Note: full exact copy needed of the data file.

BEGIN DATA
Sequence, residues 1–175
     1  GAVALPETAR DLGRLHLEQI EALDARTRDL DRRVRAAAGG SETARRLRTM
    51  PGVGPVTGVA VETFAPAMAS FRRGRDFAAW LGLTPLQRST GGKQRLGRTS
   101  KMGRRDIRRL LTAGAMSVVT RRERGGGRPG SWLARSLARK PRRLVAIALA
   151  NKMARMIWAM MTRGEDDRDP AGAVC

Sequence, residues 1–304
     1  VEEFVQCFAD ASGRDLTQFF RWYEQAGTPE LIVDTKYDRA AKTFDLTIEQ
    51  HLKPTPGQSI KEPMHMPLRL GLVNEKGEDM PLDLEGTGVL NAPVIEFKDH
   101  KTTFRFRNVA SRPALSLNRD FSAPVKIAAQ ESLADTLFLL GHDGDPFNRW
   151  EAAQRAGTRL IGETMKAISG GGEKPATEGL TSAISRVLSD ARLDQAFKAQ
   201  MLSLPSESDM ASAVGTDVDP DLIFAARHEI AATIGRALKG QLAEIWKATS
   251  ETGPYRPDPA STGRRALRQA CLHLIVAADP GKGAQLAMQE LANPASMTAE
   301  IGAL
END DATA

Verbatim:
Sequence, residues 1–175
     1  GAVALPETAR DLGRLHLEQI EALDARTRDL DRRVRAAAGG SETARRLRTM
    51  PGVGPVTGVA VETFAPAMAS FRRGRDFAAW LGLTPLQRST GGKQRLGRTS
   101  KMGRRDIRRL LTAGAMSVVT RRERGGGRPG SWLARSLARK PRRLVAIALA
   151  NKMARMIWAM MTRGEDDRDP AGAVC

Sequence, residues 1–304
     1  VEEFVQCFAD ASGRDLTQFF RWYEQAGTPE LIVDTKYDRA AKTFDLTIEQ
    51  HLKPTPGQSI KEPMHMPLRL GLVNEKGEDM PLDLEGTGVL NAPVIEFKDH
   101  KTTFRFRNVA SRPALSLNRD FSAPVKIAAQ ESLADTLFLL GHDGDPFNRW
   151  EAAQRAGTRL IGETMKAISG GGEKPATEGL TSAISRVLSD ARLDQAFKAQ
   201  MLSLPSESDM ASAVGTDVDP DLIFAARHEI AATIGRALKG QLAEIWKATS
   251  ETGPYRPDPA STGRRALRQA CLHLIVAADP GKGAQLAMQE LANPASMTAE
   301  IGAL